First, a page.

Another extreme to it will be when these thoughts become compulsive, we pay so much attention to it that it starts to control and take over our lives. Then it turns into a full-fledged disorder whose most prominent feature is intrusive thinking. Individuals who go through obsessive-compulsive disorder, have unrelenting thoughts of aggression, sexual desires, or even death. These themes vary from person to person. When faced with a situation like this, it is better to consult a therapist and a psychiatrist.
Another extreme is when these thoughts do occur, and the individual is completely unperturbed by them. This kind of behaviour in its extremity would be characteristic trait of anti-social personality disorder, better known as sociopathy. If you looked at a serial killer lacking any remorse after multiple crimes it is the lack of ability to feel guilt, and hence a poorly developed super ego.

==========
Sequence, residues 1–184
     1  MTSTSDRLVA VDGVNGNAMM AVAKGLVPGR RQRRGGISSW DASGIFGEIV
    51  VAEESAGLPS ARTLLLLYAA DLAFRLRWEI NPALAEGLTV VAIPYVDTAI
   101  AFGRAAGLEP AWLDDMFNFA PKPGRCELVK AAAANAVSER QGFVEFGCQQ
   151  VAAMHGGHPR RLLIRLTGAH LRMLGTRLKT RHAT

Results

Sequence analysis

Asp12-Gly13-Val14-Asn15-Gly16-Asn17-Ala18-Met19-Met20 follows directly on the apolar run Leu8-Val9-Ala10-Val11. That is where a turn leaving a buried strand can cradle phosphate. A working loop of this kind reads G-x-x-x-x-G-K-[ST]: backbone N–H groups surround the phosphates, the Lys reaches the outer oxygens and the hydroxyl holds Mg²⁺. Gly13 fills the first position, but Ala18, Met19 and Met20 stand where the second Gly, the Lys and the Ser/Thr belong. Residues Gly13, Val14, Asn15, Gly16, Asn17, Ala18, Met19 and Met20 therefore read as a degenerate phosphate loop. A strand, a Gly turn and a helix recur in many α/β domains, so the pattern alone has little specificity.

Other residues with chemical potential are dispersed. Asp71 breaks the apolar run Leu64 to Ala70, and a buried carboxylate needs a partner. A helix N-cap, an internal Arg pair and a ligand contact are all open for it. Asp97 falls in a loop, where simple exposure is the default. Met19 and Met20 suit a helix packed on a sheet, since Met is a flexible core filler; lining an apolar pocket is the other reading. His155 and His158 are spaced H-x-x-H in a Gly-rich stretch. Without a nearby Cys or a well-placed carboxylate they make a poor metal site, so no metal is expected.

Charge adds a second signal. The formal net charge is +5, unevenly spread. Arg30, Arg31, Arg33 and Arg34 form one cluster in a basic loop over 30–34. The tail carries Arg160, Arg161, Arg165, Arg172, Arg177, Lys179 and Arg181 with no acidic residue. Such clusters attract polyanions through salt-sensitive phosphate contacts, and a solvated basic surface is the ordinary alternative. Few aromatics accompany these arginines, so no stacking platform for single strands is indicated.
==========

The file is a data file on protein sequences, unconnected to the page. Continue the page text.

Lastly, these thoughts of violence are normal. We all have the capacity and capability to be aggressive, as it’s in our genes, we see it on television, and it seems to be all around us. It’s an adaptive response that facilitates the fittest of us to survive and procreate. However, the biggest question is, do you react to these thoughts? Do you carry them out? Because that’s when it becomes a problem. Until then, it is what it is—just a thought!